After a trek through a foetid swamp, this leads to the first of the campaign’s three mini-dungeons, a sun temple that has been desecrated by pestilent lizardmen. It is also the first of the campaign’s well-designed and inventive dungeons, which although quite small, is full of flavour and detail. This is not a dungeon that needs to be fought through, but rather it needs to be explored and learned from. Although there are plenty of combat encounters, there are also plenty of encounters where the DM gets to portray interesting NPCs—sections of boxed text throughout give advice as to how to roleplay each of the more important NPCs—and the player characters get to achieve their objectives without the need to draw a sword or prepare a spell. The dungeon has some memorable moments—the player characters gain an interesting pet, deal with an interesting family or two, and finally get betrayed.
This is perhaps the first and biggest weakness in Ghosts of Dragonspear Castle. Its plot revolves around not just one ‘MacGuffin’, but a quartet of them. Each once belonged to an ancient elemental cult, each is now sought by the Red Wizards of Thay, and each is unlikely to remain in the hands of the player characters—if at all. Which leaves the adventurers chasing, if not after what is in effect nothing, then at least after something to no obvious effect; all right, so they are chasing after a set of ‘MacGuffins’ and not getting hold of any of them is the point of the ‘MacGuffin’ or the ‘MacGuffins’, but the first scenario, ‘Fane of the Sun Swallower’, goes further and ends with the party’s betrayal. Simply, their success in the scenario is snatched out from under them, so not only is this plot device tiresome and heavy-handed, it is dispiriting too. This plot is part of the NPC’s desire for revenge on another NPC.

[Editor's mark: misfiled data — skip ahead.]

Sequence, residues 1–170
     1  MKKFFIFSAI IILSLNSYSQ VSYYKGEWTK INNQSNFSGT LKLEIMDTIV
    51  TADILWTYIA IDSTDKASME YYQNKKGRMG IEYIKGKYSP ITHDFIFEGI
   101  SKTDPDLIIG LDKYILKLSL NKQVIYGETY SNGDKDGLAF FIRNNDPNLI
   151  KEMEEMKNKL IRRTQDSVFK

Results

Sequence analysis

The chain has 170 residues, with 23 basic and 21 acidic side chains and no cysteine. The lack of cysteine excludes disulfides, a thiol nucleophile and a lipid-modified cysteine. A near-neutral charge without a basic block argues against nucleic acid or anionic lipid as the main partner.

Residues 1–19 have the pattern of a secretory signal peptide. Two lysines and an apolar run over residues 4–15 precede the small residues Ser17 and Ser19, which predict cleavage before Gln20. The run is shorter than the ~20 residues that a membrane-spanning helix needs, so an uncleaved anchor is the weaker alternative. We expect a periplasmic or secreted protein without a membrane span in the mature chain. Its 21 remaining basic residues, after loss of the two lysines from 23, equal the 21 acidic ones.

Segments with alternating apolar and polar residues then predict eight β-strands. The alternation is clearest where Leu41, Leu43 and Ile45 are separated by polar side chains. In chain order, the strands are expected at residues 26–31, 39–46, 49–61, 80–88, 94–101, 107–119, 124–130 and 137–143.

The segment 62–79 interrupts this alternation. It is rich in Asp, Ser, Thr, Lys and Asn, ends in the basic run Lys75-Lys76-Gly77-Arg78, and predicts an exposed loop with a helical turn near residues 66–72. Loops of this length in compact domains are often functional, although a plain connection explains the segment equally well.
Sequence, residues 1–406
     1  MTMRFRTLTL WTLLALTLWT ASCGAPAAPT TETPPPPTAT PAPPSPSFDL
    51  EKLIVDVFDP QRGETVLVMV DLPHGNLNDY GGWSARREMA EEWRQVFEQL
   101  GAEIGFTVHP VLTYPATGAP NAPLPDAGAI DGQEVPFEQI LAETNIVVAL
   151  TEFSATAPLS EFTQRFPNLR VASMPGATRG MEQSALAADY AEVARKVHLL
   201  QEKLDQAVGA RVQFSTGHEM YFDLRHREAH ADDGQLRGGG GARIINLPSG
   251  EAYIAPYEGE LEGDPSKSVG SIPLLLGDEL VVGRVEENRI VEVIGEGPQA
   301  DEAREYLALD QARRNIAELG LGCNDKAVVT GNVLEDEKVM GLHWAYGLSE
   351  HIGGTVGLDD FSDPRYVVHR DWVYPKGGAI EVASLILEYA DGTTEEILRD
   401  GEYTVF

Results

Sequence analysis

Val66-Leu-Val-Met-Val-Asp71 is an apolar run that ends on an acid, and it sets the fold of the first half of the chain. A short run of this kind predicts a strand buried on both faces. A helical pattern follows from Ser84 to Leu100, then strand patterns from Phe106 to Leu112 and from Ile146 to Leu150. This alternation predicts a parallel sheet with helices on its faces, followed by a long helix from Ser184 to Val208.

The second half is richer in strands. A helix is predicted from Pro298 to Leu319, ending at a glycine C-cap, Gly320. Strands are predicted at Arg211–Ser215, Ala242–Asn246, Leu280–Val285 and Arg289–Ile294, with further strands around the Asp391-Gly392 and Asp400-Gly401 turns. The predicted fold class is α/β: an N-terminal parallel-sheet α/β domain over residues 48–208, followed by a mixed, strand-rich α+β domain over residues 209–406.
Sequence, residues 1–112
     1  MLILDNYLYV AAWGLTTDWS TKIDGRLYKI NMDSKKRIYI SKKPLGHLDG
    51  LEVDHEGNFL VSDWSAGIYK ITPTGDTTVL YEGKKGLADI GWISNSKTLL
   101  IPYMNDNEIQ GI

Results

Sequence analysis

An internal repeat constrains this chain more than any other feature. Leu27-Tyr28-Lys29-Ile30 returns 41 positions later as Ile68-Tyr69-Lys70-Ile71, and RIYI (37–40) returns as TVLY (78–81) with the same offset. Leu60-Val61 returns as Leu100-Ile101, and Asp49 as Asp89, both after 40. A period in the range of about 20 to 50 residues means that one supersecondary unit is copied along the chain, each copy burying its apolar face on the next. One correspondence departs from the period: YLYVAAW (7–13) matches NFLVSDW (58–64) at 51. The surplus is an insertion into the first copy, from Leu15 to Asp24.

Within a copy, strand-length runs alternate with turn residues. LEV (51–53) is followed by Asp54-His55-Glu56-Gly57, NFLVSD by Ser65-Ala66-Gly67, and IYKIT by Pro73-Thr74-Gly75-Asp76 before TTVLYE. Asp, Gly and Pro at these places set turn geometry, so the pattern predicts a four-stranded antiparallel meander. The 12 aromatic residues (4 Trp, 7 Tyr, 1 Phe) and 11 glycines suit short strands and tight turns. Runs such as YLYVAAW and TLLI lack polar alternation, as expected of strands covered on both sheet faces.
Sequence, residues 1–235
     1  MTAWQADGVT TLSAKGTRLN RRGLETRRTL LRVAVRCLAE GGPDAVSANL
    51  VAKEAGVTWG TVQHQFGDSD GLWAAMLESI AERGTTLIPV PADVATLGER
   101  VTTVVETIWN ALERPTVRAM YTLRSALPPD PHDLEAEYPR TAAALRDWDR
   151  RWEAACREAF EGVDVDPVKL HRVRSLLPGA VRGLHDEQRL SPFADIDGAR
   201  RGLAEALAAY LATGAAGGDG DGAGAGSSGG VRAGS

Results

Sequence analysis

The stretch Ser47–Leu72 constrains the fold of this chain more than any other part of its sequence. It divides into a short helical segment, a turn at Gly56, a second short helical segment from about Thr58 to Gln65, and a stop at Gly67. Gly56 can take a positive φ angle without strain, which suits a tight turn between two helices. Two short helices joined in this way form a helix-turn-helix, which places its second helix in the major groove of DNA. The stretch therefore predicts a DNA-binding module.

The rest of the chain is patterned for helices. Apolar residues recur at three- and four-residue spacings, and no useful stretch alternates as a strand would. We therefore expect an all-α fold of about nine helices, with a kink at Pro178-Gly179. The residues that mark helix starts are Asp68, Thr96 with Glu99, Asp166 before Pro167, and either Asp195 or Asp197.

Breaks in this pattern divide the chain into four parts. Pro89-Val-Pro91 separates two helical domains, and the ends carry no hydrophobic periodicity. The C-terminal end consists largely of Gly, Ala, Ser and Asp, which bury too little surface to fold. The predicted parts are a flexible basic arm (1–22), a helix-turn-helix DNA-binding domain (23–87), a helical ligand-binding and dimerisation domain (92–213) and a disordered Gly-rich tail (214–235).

Should the adventurers decide to persevere, they are asked by a young pregnant woman to go after her child’s father who has been hired by a wanted Red Wizard, Darwa Dalion. She plans to explore ‘The Cursed Crypts of Ambergul’, the last resting place of the Ambergul family. The family were notable members of the ancient elemental cult, so in bringing Darwa Dalion to justice, the party may also be able to find the young man and learn more about the aims of the Red Wizards. In comparison to ‘Fane of the Sun Swallower’, this dungeon is much more sophisticated in its design, with an emphasis on traps and tricks as well as curses—lots and lots of curses. In fact, the player characters may well become tired of being cursed in this dungeon. Nevertheless, there is an inventiveness to the design of this dungeon and lots of interesting NPCs, most of them members of the Ambergul family.